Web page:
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Australian meat farmers skewer stereotypes, lamb with Operation Boomerang campaign

Australia has skewered plenty of national stereotypes, plus some juicy-looking barbecued lamb, and fired-up social media with its latest Australia Day advertisement for local lamb.

Meat and Livestock Australia (MLA), a producer-owned non-profit body, has been running media campaigns promoting Australian meat for the past 13 years, including a long-running series of advertisements around the Jan. 26 national holiday.

This year MLA's Australia Day campaign, called "You Never Lamb Alone," features sharp-witted newsreader Lee Lin Chin spearheading a so-called Operation Boomerang to rescue Australians - including cricketer Mitchell Johnson and rugby captain Stephen Moore - from overseas locations so they can be home to throw some lamb chops on the barbie on the holiday.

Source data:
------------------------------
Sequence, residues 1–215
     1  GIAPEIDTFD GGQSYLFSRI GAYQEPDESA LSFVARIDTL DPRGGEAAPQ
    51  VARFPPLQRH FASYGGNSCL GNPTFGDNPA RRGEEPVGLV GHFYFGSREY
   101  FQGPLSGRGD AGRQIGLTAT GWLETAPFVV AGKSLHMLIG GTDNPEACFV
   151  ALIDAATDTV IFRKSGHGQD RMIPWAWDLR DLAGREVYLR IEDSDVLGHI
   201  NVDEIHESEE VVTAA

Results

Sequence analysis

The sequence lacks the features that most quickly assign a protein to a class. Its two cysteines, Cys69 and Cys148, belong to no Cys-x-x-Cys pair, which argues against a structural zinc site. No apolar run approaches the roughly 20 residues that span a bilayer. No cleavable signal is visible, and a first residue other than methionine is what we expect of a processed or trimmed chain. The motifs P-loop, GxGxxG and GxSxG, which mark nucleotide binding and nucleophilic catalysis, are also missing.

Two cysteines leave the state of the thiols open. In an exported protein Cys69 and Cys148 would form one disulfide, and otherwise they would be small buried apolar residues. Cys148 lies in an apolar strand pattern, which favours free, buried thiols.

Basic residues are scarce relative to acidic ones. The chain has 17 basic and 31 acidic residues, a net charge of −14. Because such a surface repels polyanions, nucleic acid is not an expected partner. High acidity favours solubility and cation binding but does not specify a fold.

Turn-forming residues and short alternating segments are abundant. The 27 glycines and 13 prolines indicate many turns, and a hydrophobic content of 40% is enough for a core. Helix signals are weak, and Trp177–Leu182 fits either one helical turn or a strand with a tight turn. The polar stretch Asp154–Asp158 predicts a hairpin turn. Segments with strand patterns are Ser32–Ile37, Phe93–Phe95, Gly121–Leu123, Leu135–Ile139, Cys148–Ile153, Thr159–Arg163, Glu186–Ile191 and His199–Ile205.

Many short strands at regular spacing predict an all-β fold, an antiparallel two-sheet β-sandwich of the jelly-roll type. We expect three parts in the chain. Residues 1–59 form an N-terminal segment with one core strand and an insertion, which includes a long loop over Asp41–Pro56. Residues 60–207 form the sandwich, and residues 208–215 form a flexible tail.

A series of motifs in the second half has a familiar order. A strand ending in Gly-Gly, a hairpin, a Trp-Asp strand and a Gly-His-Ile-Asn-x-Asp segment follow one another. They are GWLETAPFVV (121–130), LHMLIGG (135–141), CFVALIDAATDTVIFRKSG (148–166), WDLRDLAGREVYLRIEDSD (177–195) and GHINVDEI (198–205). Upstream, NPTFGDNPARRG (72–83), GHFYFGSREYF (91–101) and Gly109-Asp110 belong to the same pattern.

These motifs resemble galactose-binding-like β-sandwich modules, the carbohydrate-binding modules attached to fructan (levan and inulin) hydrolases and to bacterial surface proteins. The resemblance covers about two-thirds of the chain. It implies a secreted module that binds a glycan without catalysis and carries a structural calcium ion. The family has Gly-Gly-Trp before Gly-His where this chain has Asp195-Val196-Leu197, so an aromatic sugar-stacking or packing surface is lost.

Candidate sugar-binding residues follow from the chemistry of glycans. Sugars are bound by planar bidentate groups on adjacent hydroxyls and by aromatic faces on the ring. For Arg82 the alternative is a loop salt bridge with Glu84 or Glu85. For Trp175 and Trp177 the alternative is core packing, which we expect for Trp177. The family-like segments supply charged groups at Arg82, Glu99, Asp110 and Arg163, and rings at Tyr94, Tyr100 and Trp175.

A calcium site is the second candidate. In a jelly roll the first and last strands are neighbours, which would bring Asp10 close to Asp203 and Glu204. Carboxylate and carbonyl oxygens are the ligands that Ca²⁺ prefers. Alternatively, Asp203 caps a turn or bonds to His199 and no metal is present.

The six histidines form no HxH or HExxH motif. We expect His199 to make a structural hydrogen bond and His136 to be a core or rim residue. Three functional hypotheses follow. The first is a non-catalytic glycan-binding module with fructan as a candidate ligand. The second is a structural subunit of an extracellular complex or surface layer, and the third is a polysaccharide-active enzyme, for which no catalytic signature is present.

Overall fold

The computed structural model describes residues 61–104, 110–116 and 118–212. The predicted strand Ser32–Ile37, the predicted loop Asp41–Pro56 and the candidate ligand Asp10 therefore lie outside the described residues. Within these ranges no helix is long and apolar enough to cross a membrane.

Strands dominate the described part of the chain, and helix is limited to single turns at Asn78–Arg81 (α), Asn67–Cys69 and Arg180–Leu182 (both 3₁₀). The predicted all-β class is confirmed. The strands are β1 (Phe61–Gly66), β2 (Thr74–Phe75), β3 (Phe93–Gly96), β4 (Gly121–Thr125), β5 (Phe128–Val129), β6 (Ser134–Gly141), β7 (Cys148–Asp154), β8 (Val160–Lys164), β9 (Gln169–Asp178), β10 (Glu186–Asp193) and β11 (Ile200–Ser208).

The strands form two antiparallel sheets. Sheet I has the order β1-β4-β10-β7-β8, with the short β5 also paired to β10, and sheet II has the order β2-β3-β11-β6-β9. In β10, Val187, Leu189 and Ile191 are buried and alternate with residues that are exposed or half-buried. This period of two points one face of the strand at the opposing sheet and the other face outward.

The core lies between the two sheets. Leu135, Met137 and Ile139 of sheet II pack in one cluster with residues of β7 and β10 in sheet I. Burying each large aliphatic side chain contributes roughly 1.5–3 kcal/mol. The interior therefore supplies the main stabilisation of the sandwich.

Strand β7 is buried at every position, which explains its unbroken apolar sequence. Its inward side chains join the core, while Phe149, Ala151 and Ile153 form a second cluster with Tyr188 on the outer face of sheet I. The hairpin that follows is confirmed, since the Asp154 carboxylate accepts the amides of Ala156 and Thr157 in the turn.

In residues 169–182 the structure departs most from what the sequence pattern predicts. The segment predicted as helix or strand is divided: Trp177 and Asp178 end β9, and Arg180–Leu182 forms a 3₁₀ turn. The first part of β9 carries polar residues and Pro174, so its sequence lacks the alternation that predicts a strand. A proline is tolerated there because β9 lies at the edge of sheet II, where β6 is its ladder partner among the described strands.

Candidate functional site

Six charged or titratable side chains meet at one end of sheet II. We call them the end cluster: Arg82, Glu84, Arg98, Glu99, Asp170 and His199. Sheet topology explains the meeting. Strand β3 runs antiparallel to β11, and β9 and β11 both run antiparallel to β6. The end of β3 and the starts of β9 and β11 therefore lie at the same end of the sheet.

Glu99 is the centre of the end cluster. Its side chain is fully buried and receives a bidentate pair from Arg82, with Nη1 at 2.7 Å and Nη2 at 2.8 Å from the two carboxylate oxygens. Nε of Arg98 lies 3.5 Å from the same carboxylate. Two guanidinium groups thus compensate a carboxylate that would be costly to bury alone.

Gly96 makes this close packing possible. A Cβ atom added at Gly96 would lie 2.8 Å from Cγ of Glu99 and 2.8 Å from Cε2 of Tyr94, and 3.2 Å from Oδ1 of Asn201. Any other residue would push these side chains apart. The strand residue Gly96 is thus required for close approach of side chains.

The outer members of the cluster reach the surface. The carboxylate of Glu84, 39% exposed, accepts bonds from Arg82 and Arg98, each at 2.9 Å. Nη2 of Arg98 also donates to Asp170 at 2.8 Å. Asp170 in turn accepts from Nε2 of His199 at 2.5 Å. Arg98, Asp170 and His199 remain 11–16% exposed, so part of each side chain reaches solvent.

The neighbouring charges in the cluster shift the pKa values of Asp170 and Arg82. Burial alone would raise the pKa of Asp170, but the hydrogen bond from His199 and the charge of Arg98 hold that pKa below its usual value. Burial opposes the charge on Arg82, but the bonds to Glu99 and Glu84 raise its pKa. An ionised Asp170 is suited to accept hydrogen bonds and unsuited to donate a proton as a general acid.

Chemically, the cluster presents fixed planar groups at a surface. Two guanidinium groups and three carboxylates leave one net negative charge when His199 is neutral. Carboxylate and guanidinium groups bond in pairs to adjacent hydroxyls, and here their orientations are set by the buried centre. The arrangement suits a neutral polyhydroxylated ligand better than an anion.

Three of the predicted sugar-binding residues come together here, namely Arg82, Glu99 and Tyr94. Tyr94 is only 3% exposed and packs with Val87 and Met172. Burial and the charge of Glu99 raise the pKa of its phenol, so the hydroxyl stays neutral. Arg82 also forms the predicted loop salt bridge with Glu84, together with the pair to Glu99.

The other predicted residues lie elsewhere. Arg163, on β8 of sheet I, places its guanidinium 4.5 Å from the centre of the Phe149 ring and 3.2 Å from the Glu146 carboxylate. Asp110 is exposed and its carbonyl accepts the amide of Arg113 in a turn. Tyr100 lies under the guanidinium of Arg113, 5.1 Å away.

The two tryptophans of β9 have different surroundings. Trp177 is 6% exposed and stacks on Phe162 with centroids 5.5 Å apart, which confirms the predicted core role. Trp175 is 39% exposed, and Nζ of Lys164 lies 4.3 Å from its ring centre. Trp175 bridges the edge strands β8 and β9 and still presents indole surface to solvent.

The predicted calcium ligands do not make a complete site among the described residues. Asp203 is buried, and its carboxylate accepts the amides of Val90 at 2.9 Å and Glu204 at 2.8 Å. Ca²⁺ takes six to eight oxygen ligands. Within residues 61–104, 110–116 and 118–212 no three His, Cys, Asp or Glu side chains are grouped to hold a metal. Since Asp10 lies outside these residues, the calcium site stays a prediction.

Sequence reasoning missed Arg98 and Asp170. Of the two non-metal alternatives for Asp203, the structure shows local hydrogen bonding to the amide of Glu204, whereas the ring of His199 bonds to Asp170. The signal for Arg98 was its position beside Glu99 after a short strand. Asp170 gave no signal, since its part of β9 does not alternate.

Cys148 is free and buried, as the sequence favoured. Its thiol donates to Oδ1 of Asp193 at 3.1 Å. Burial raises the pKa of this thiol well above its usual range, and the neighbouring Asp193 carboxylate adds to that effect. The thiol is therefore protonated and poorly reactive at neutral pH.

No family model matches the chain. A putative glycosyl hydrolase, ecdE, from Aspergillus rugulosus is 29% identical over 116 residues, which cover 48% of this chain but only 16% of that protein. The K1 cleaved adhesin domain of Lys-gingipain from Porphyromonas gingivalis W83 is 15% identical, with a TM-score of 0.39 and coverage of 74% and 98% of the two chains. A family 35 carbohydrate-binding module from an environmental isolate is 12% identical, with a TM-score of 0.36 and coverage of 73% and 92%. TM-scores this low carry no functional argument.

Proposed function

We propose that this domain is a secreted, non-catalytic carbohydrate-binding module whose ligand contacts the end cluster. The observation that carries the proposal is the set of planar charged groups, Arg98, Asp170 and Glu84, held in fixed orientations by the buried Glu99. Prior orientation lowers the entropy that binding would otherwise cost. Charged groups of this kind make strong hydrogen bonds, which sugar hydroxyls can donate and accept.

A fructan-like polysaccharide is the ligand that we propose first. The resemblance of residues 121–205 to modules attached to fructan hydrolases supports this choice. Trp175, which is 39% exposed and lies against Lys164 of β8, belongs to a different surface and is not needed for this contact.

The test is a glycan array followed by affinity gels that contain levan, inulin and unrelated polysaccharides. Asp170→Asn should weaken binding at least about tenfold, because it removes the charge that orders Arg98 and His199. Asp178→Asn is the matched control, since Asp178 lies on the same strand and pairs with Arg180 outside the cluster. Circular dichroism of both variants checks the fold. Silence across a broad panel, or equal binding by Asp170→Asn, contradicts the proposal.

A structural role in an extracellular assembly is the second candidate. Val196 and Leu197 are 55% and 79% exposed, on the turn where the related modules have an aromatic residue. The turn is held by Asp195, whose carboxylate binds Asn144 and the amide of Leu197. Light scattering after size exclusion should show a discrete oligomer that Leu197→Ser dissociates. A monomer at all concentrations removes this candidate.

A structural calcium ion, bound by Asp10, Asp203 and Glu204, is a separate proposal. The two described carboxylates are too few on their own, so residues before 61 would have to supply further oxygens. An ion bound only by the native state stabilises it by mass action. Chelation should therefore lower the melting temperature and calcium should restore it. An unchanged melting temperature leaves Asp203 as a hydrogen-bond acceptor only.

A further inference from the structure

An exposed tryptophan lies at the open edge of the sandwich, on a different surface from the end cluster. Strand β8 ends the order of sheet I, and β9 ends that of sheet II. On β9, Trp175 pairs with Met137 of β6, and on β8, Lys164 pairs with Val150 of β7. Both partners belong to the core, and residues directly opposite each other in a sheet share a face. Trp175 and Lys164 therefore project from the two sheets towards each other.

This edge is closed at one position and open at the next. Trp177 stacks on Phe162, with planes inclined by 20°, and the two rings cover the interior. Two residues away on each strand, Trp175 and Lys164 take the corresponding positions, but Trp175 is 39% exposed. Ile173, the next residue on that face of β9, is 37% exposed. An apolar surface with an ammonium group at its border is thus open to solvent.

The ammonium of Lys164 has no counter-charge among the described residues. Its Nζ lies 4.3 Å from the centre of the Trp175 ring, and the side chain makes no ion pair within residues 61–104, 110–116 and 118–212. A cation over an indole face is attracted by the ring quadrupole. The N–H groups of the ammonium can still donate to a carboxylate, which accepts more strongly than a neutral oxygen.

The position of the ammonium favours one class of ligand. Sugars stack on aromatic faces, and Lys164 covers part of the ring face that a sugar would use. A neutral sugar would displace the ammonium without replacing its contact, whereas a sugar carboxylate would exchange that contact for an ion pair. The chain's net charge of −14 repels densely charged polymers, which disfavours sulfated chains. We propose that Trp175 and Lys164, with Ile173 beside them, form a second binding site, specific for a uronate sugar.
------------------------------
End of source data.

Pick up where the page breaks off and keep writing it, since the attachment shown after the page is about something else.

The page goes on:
Former Aussie Rules football player and long-time Australian "Lambassador" Sam Kekovich also makes a return in this year's campaign.

Stereotypes, including Brooklyn hipsters, Japanese salarymen, warm-beer-drinking Brits and, of course, gung-ho "Austrayans," are nailed along the way.

Aussies have, largely, baaaa-cked the campaign, with praise on Twitter.

Sam Kekovich at a public appearance to promote the 2007 Vote Lamb campaign for the MLA.
John Stanton | WireImage | Getty Images
Sam Kekovich at a public appearance to promote the 2007 Vote Lamb campaign for the MLA.

In an interview with Australian news site news.com.au, Kekovich said he was keen to keep politics out of Australia Day conversations, and lamb was the day to do it.

"At the end of the day, Australia Day is about a bunch of people coming together around a barbecue, over some lamb, taking a deep breath, and treating people the way you'd like to be treated," Kekovich said.

"Lamb just brings people together. All your family, all your mates. That's really what Australia Day is about."

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